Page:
A circadian rhythm is an approximate daily periodicity, a roughly-24-hour cycle in the biochemical, physiological or behavioural processes of living beings;it is are endogenously generated, and can be entrained by external cues .
Perhaps the most obvious function regulated by circadian rhythms is the daily sleep and wake cycle in animals. However, many other physiological processes are regulated by circadian rhythms, including body temperature, feeding behaviour, hormone secretion, drug and xenobiotic metabolism, glucose homeostasis, and cell-cycle progression.
- The rhythm persists in constant conditions (for example, constant dark) with a period of about 24 hours.
- The rhythm is temperature-compensated, i.e. it maintains the same period over a range of temperatures.
- The rhythm can be reset by exposure to an external stimulus.
When circadian cycles are disrupted, either by genetic or environmental insults, disorders of diverse physiological processes can occur. In addition, in modern societies, humans are increasingly ignoring natural circadian cues, so it is important to understand how the resulting perturbations of our circadian biology might affect our physiology and susceptibility to disease — both to understand the disease processes and to identify new targets for treatment.
The ability of living systems to sustain approximately 24-hour rhythms in the absence of environmental cues shows that most daily oscillations are not responses to the diurnal cycle, but rather are generated by an internal clock.
Expression of endogenous circadian rhythm when subjects are isolated from external cues, such as the light cycle, is described as free running.
The difference in the level between peak and trough values of the rhythm is referred to as the amplitude (for example, the amount of activity or the level of circadian gene expression either in mRNA or protein levels).
When individual genes involved in circadian rhythms are disrupted in mice, changes in free-running period, phase or amplitude of rhythms can be observed.
The ‘master’ internal clock in mammals is located in the hypothalamic suprachiasmatic nucleus, or SCN
The primary environmental synchronizer of circadian rhythms in mammals is the daily light–dark cycle.
Both neuronal and humoral signals originating from the SCN can regulate output pathways, which control diverse physiological functions. In addition to these neuronal pathways, much evidence points to SCN-secreted circulating factors in mediating physiological rhythms in both the brain and the periphery. Il link non funziona
These factors are likely to include proteins such as transforming growth factor α (TGFα), cardiotrophin-like cytokine and prokineticin 2.
The circadian clock mechanism involves a cellautonomous transcription–translation feedback loop comprised of a core set of genes that are highly conserved among animals.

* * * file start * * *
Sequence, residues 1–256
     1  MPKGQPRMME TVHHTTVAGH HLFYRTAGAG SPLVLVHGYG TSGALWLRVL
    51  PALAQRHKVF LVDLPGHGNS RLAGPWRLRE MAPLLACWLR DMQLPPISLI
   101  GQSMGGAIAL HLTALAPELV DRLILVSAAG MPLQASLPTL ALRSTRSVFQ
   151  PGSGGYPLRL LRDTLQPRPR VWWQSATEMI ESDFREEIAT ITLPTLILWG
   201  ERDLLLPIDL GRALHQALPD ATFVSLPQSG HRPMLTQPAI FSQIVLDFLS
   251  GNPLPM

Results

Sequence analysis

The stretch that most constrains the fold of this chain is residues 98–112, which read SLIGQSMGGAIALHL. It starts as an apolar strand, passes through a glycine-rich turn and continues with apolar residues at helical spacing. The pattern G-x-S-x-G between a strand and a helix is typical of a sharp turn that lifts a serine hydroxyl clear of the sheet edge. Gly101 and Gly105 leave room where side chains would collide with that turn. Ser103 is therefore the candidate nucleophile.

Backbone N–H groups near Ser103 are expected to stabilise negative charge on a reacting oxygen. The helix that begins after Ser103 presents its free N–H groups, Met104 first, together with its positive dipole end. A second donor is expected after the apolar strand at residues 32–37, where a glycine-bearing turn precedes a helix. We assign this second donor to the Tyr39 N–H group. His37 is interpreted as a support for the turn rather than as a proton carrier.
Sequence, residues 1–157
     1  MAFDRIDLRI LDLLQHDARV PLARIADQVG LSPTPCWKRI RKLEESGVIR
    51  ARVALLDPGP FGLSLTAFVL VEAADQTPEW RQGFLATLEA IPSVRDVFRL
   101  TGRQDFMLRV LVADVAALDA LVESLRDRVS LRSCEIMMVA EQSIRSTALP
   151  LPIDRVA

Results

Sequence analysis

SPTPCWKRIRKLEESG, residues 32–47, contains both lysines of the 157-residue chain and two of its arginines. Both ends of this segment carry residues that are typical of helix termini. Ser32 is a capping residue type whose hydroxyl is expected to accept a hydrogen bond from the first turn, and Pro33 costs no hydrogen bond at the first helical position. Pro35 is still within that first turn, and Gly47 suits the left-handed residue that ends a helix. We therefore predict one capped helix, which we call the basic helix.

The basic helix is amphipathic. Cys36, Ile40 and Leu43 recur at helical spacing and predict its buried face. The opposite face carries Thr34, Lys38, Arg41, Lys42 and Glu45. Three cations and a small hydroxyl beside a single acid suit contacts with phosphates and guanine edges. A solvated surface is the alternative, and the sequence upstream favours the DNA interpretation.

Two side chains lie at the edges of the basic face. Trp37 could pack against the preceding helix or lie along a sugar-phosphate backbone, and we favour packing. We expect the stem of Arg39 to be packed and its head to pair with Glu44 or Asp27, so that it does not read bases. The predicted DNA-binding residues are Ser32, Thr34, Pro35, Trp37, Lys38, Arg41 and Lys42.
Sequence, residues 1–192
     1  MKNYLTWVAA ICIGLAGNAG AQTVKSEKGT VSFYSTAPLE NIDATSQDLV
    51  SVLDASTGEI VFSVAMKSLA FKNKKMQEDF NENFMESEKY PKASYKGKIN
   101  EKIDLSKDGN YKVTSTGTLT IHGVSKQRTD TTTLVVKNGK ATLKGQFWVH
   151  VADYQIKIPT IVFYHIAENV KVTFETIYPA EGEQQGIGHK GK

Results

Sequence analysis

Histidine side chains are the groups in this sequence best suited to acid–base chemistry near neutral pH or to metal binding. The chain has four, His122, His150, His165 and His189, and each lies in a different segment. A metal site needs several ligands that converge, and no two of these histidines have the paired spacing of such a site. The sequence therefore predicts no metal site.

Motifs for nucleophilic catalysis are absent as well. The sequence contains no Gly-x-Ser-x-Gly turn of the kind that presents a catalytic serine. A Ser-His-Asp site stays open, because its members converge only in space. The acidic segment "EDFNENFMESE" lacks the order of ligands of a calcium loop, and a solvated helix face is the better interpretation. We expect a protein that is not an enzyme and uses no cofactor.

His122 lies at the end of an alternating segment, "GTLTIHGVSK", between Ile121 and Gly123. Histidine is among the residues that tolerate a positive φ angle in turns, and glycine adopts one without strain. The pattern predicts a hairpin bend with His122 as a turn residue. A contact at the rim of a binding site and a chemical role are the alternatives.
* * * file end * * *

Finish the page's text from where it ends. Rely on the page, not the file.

In mammals, the circadian clock is composed of a primary negative-feedback loop involving:
-the genes circadian locomoter output cycles kaput (Clock; and its paralogue neuronal PAS domain protein 2, Npas2)
-Bmal1 (also known as aryl hydrocarbon receptor nuclear translocator-like; Arnt )
-period homologue (Per1), (Per2)
-Cryptochrome (Cry1) and (Cry2)
During the day, the basic helix-loop-helix PAS-domain containing transcription factor CLoCK (or NPAS2) interact with bmAL1 to activate transcription of the Per and Cry genes, resulting in high levels of these transcripts. The resulting PeR and CRY proteins heterodimerize, translocate to the nucleus and interact with the CLoCK–bmAL1 complex to inhibit their own transcription.
During the night, the PeR–CRY repressor complex is degraded, and CLoCK–bmAL1 can then activate a new cycle of transcription. The entire cycle takes approximately 24 hours to complete.
In addition to the primary feedback loop, there is a second negative-feedback loop involving the nuclear hormone receptor Rev-erba, which is a direct target of CLoCK–bmAL1 and which strongly represses Bmal1 transcription.
Finally, there are a number of other candidate clock components such as Timeless, Dec1, Dec2 and E4bp4 , the roles of which have not yet been clearly defined.
Mammalian PeR1 and PeR2 proteins are progressively phosphorylated as they accumulate during the late afternoon and night. Key kinases involved in PeR and CRY phosphorylation are casein kinase 1 delta (CSNK1D) and CSNK1e. One of the roles for phosphorylation of clock proteins is to target them for polyubiquitylation and degradation by the 26S proteosomal pathway.
Recent work has shown that circadian transcription of CLoCK–bmAL1 target genes is accompanied by circadian changes in histone H3 acetylation and chromatin remodelling.
The histone deacetylase sirtuin 1 (SIRT1) interacts with CLoCK and can deacetylate lysine 537 of bmAL1 as well as lysine 9 and 14 of histone H3. SIRT1 is expressed in a circadian manner and regulates circadian gene expression of Bmal1, RAR-related orphan receptor gamma (Rorc), Per2 and Cry1 through interaction with CLoCK–bmAL1 and through deacetylation and degradation of PeR2.